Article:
By Dan Hinchen
As the days lengthen and start to warm, consider stopping by the MHS this week for a one of our public programs or to peruse our exhibits. Currently on display is “Tell It With Pride: The 54th Massachusetts Regiment and Augustus Saint-Gaudens’ Shaw Memorial.” This exhibition, organized by the National Gallery of Art, Washington, celebrates Saint-Gaudens’ magisterial Shaw Memorial and seeks to make real the soldiers of the 54th represented anonymously in the work. It brings together vintage photographic portraits of members of the regiment and of the men and women who recruited, nursed, taught, and guided them. The exhibit is open to the public Monday through Saturday, 10:00AM to 4:00PM.
On Tuesday, 11 March, join us for “The Galveston Spirit: How a Hurricane Remade American Politics.” In this Environmental History seminar, Summer Shafer of Harvard University address the political economy of the Galveston “Great Storm” of 1900, still considered the deadliest natural disaster to date. Those who failed to protect the island by taking preventative action utilized the post-disaster environment to take control of vital municipal functions. Imagery of triumph over the storm played a powerful role in progressive politics as the “Galveston Spirit” seized the American imagination and helped to remake urban politics nationwide. Seminars are free and open to the public; RSVP required. Subscribe to receive advance copies of the seminar papers. Program begins at 5:15PM.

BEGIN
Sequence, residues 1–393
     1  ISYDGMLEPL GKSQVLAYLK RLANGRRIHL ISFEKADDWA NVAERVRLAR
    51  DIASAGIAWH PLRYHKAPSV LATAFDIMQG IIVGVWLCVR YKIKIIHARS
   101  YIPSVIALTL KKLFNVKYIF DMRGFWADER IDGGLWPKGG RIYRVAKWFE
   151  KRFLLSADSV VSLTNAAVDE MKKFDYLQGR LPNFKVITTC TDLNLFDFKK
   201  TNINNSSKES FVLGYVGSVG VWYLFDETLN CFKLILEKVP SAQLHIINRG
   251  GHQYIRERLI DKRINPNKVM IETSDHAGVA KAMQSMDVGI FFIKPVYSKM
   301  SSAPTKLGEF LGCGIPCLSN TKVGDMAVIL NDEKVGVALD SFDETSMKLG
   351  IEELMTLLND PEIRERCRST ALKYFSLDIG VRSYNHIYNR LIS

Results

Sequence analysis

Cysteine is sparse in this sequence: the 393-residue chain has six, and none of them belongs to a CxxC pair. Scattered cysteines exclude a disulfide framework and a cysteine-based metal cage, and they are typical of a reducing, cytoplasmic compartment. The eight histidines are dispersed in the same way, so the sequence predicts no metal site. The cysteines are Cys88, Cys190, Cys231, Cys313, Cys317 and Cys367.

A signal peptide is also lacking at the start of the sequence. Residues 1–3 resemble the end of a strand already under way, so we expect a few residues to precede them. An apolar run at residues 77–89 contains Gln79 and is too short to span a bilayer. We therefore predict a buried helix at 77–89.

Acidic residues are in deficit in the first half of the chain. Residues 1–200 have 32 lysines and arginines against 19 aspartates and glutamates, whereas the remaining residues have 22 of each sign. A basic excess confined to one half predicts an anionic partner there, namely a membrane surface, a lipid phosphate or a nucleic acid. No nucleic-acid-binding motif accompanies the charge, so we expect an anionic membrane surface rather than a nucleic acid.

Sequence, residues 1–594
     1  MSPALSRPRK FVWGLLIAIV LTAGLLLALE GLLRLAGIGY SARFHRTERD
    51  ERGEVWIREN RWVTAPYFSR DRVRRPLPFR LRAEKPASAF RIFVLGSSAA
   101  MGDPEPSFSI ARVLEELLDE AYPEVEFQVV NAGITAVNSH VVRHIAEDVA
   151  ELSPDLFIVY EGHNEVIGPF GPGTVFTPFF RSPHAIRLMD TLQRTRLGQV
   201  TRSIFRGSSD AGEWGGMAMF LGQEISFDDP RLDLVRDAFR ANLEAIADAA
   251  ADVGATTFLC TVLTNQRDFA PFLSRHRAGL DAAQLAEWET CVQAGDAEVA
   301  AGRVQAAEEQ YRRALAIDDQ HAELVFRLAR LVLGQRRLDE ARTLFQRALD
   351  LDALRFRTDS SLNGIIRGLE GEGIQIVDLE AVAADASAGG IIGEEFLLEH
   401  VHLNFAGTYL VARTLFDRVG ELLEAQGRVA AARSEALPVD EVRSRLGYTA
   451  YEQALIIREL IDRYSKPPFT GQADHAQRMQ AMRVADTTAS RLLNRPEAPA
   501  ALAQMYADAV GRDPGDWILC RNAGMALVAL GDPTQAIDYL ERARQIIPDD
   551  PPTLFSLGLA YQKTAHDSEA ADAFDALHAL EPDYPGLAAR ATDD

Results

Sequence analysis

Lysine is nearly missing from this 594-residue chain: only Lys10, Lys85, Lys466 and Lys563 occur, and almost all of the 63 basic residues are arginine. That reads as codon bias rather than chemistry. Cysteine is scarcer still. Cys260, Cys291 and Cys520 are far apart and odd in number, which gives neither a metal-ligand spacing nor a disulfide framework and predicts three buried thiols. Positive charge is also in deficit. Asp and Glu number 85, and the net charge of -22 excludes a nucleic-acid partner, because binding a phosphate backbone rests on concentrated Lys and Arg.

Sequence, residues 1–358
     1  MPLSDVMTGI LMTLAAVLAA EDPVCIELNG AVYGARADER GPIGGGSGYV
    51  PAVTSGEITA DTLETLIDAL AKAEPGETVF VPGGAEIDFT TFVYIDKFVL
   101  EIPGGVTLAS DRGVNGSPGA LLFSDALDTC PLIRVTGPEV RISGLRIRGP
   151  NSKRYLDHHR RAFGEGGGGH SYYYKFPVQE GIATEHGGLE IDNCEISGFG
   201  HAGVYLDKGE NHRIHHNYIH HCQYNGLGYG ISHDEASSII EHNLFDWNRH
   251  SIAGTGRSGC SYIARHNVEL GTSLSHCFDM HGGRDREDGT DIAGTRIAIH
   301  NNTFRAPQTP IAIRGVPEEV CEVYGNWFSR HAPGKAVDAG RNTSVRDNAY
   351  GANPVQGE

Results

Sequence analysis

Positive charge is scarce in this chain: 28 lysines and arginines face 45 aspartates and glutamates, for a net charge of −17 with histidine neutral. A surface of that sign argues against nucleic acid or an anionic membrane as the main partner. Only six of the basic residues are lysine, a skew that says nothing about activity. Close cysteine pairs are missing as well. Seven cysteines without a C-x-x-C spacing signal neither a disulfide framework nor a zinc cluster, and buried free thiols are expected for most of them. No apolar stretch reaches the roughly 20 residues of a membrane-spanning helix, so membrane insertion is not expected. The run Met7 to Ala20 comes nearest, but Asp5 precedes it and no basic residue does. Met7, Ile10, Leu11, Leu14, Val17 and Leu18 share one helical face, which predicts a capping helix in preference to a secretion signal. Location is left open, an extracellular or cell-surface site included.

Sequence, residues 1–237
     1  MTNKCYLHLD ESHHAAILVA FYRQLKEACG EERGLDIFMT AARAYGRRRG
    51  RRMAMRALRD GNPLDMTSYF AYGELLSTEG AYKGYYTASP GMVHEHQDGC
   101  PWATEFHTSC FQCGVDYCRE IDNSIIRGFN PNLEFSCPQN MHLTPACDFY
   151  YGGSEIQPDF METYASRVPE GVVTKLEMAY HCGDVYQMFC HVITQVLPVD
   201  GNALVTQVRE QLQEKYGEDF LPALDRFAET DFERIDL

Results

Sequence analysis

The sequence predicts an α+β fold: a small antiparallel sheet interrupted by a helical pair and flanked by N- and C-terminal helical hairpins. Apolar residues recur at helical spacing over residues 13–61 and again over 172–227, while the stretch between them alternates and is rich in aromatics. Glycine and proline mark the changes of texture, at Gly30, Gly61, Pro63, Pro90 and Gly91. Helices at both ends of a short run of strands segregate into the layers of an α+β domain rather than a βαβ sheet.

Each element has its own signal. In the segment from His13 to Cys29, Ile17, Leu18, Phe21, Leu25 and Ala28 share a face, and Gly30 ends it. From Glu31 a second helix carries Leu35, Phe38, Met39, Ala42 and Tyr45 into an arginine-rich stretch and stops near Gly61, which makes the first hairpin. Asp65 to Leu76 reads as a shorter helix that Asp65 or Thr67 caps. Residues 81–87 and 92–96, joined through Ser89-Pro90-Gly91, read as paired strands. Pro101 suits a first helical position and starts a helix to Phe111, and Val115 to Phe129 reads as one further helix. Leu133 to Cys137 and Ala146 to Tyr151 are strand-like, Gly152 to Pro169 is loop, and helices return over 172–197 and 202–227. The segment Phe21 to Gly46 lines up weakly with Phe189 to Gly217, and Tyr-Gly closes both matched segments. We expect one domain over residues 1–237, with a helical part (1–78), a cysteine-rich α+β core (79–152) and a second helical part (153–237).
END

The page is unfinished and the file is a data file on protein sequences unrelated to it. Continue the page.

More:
Then, on Wednesday, 12 March, join us at 5:30PM for a public program, “Created Equal: The Abolitionists & Slavery by Another Name.” During this screening clips of the two films will be shown, and both films can be viewed in their entirety at createdequal.neh.gov. The Abolitionists brings to life the struggles of the men and women who led the battle to end slavery. Slavery by Another Name is based on the Pulitzer Prize-winning book by Douglas Blackmon and tells the stories of men, charged with crimes and often guilty of nothing, who were bought, sold, abused, and subjected to deadly working conditions. Discussion of these films will be facilitated by Joanne Pope Melish, Associate Professor of History at the University of Kentucky and visiting scholar in American Studies at Brown University. She is the author of Disowning Slavery: Gradual Emancipation and “Race” in New England, 1780-1860. Registration is required at no cost. To reserve, call the MHS reservations line at 617-646-0560, or click here to register online. Program begins at 5:30PM.
Finally, on Saturday, 15 March, drop by the Society at 10:00AM for The History and Collections of the MHS, a 90-minute tour of the Society’s public rooms led by a docent or MHS staff member and touching on the history of the Society, and the art and architecture of building at 1154 Boylston Street. The tour is free and open to the public. No reservation is required for individuals or small groups. Parties of 8 or more should contact the MHS prior to attending a tour. For more information, please contact Curator of Art Anne Bentley at 617-646-0508 or firstname.lastname@example.org.